Quentin Tarantino intervistato dall’Hollywood Reporter

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The Hollywood Reporter realizza tradizionalmente delle stimolanti tavole rotonde con attori e registi in lizza per la stagione dei premi.

Nel director’s roundtable ha messo a confronto Van Sant, Russell, Affleck, Lee, Hooper e Quentin Tarantino, che come al solito ha rubato la scena a tutti con dichiarazioni che hanno fatto notizia.

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Quentin ha smentito innanzitutto che sia stato spinto da Havey Weinstein ad accorciare il suo nuovo Django Unchained: “If he treated me that way, I wouldn’t be working with him for twenty years!  I didn’t want a three-hour movie, either. When you’re cutting it down, at that moment in time, before you watch it with an audience, you know it’s too long, but you can’t imagine taking anything out. So then you watch it with an audience, and then all of a sudden — ‘Oh, wow, that is kind of boring now!’ or ‘No, this is not as suspenseful by the time we got to it as it needs to be.’ But you can only go so far in the Avid room on your own. At some point, you have to watch it with an audience… And then you watch the movie and 15 minutes are gone by noon the next day!”

Il film comunque sarà il più lungo della sua carriera: 2 ore e 45 minuti esatti.

Tarantino ha parlato anche del digitale in termini molto netti: “I can’t stand all this digital stuff. This is not what I signed up for. Even the fact that digital presentation is the way it is right now — I mean, it’s television in public, it’s just television in public. That’s how I feel about it. I came into this for film.”

Persino la proiezione digitale del suo film girato in pellicola lo disturba. Piuttosto preferirebbe lavorare direttamente: “I shoot film. But to me, even digital projection is — it’s over, as far as I’m concerned. It’s over. So if I’m gonna do TV in public, I’d rather just write one of my big scripts and do it as a miniseries for HBO, and then I don’t have the time pressure that I’m always under, and I get to actually use all the script. I always write these huge scripts that I have to kind of — my scripts aren’t like blueprints. They’re not novels, but they’re novels written with script format. And so I’m adapting the script into a movie every day. The one movie that I was actually able to use everything — where you actually have the entire breadth of what I spent a year writing — was the two Kill Bill movies ‘cause it’s two movies. So if I’m gonna do another big epic thing again, it’ll probably be like a six-hour miniseries or something.”

Quindi ha parlato della paura di non riuscire a farcela: “I didn’t entertain that thought [of failure]. If I did, I’d probably own a video store right now, and it’d be out of business right now, and I don’t know what the hell I’d be doing. I just figured I couldn’t have a fallback plan, ‘cause I couldn’t allow myself to fall back. All or nothing. There’s directing and there’s wanting to direct without ever having directed before, and they’re two different dudes. And the thing about wanting to be a director, and wanting this to be your artform… Aside from getting a 16mm camera, or Super 8 camera, and making something, which is definitely within your power, and even more within people’s power now, to test out these theories. But in the ’80s, when I was a young guy, there was no proof of it at all. You could act, and see if there’s something there. If you want to write, you can get a piece of paper, and see if there’s something there. But if you want to direct, actually direct a feature film, and you’ve never done anything, it’s all theory. So at 3 in the morning, from time to time, you wonder ‘Is this a mistake?’ You think you might have it, but you don’t know. I’m talking about before I literally did anything. This mountain you’re trying to climb, before you even know you’re a mountain climber.”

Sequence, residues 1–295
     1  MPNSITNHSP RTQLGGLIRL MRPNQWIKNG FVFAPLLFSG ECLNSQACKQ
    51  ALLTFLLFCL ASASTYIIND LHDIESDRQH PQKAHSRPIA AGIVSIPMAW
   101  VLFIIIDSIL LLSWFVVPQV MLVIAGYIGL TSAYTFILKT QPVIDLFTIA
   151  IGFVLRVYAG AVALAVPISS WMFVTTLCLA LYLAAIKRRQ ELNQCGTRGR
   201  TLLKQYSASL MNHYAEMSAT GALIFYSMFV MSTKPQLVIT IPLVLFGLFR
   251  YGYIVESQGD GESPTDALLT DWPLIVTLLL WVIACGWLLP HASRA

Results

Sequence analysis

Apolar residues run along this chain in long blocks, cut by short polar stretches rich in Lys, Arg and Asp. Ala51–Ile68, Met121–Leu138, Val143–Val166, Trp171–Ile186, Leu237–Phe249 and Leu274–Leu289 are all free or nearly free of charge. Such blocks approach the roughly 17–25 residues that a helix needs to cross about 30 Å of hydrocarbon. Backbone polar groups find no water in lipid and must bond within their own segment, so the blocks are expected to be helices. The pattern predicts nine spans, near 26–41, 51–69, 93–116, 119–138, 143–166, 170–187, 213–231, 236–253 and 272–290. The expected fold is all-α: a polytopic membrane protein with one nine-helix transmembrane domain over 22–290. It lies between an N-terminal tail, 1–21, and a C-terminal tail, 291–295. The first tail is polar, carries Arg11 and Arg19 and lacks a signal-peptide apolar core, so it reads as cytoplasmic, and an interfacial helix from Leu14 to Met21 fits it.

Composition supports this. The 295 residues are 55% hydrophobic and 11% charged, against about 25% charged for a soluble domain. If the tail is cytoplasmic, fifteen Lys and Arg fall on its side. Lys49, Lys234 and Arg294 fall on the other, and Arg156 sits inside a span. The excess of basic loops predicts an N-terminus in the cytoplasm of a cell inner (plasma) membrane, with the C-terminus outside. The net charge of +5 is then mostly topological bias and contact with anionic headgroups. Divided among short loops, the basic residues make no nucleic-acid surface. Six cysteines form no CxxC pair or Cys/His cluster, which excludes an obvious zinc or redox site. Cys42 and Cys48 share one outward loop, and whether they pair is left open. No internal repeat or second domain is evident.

Quindi ha parlato della sua filmografia, dell’insuccesso di A prova di morte e del fatto che fare il regista è un mestiere da giovani. Troppe volte gli ultimi film di grandi registi non sono stati all’altezza della loro brillante carriera:  “It’s age, it’s absolutely age. I’m really well versed on a lot of directors’ careers, you know, and when you look at those last five films when they were past it, when they were too old, and they’re really out of touch with the times, whether it be William Wyler and ‘The Liberation of L.B. Jones‘ or Billy Wilder with ‘Fedora‘ and then ‘Buddy Buddy‘ or whatever the hell. To me, it’s all about my filmography, and I want to go out with a terrific filmography. [2007’s] ‘Death Proof‘ has got to be the worst movie I ever make. And for a left-handed movie, that wasn’t so bad, all right? — so if that’s the worst I ever get, I’m good. But I do think one of those out-of-touch, old, limp, flaccid-dick movies costs you three good movies as far as your rating is concerned. It’s a grade-point average. I think I risk failure every single time with the movies I do, and I haven’t fallen into failure. Risking failure is not what I’m afraid of. Failing is what I’m afraid of.”

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